2016-06-30
From the age of nine I had visions of grandeur. Like so many boys at that age, I envisioned myself as President of the United States or some other world figure. I was going to be a leader and not just a follower. I saw myself barking orders and wielding vast power. But by the time of my Bar Mitzvah four years later, when I officially considered myself a Lubavitch disciple, I had completely reoriented not just my life, but my aspirations. I chose to become a Hasid, a follower of someone else. What could have encouraged me to abandon my aspirations of leadership and choose to forever remain an adherent and a devotee?

My inspiration was certainly not humility, a virtue that at the time was in too short a supply with me. But few join Lubavitch because of humility. It wasn't even a love for truth that moved me, although that did figure as well. Rather it was my sense of ambition that made me join Lubavitch. There can be no question in my mind that many others joined Lubavitch for the same reason. If you wanted to translate the eternal human dream of a perfect world into reality, only one man spoke of it seriously: Rabbi Menachem Mendel Schneerson, the Lubavitcher Rebbe.

The Rebbe was a colossus, a giant among men. He appealed both to the pious as well as the powerful, people whose desire for success was as great as that of any Harvard Business School graduate. Instead of following other opportunities, these motivated men and women chose to follow the Rebbe. They understood that the Rebbe provided a framework within which to maximize their fullest potential, while simultaneously allowing others to benefit from it.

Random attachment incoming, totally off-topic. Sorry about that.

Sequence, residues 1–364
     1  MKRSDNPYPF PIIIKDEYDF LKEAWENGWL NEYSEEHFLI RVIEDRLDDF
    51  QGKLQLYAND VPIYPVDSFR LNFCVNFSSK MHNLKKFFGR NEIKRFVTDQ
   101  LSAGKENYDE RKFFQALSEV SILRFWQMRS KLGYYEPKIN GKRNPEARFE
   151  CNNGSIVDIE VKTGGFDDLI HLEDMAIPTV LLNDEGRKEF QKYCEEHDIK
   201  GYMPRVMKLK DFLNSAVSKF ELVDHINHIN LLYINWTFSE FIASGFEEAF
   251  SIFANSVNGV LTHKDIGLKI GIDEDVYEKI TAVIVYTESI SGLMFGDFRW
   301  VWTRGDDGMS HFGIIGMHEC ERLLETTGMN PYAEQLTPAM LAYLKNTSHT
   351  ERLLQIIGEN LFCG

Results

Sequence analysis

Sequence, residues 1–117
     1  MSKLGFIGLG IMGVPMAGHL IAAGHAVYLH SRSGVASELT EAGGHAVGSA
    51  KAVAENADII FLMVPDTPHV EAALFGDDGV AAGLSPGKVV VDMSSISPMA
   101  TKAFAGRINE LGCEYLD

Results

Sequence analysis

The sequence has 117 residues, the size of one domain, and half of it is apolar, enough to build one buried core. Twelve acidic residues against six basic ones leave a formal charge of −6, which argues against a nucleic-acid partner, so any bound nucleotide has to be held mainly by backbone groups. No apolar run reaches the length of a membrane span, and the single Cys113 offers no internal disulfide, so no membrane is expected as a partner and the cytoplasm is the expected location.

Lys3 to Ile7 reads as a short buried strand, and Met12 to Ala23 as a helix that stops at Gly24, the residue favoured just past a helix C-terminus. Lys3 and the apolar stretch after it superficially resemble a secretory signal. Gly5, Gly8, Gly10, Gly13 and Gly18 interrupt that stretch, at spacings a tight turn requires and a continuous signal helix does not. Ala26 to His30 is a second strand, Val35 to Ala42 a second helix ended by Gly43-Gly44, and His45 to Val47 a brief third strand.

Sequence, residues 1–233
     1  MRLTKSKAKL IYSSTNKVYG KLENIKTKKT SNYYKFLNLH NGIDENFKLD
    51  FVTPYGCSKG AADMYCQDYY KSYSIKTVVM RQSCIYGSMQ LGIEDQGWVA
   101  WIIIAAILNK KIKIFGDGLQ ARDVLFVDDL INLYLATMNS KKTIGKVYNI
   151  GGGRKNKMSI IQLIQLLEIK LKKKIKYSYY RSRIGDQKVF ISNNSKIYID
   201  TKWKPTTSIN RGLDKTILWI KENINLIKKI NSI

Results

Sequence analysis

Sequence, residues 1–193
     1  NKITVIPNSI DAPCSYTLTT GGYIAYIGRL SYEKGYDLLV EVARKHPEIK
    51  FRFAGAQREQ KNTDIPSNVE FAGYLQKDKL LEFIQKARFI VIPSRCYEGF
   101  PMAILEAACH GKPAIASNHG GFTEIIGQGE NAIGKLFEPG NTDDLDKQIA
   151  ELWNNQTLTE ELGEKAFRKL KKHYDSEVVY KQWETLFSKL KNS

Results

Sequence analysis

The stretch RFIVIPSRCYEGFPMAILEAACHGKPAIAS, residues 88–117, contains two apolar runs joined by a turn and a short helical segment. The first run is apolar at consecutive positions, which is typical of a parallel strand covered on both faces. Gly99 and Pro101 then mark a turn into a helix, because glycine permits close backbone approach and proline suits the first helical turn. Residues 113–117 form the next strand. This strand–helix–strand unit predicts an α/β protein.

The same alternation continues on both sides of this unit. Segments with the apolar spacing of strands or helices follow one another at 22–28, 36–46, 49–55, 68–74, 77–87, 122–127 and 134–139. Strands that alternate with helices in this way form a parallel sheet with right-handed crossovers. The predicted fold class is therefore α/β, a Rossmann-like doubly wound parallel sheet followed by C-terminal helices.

When I first saw the Rebbe, I was ten years old. What I remember most was the holes in his shoes. That the world's most famous rabbi and leader of hundreds of thousands could have holes in his shoes both surprised and delighted me. I realized that his position didn't go to his head--he could remain humble amidst awesome power and influence. He was utterly selfless and had the spiritual capacity to put himself in other people's predicaments and experience their pains and their joys.

I saw this quality most strikingly in the only private meeting I was ever privileged to have with him. When I was 13 I was already somewhat disillusioned with life. I spent most of my time at home watching television and most of my time at school flirting with the girls. My parents had had an acrimonious divorce, which told me in little whispers, "Why grow up if this is what there is to look forward to?" I had grown close to the Lubavitcher movement in Miami Beach through summer camp and my close friend, Shneur Zalman Fellig. One young Lubavitch student arranged for me to have a private audience with the Rebbe. Going in, I was cynical about this experience, too. As I entered the Rebbe's office, I was more interested in studying the bookshelves than I was at gazing at the face of the great tzaddik [righteous man]. He proceeded to read the long letter I had written about the dark moments of my parents' divorce and the negative effect it had upon me. When he finished reading, he lifted his deep blue eyes. Where before I had seen a look of authority, I now saw in his eyes a sea of infinite kindness.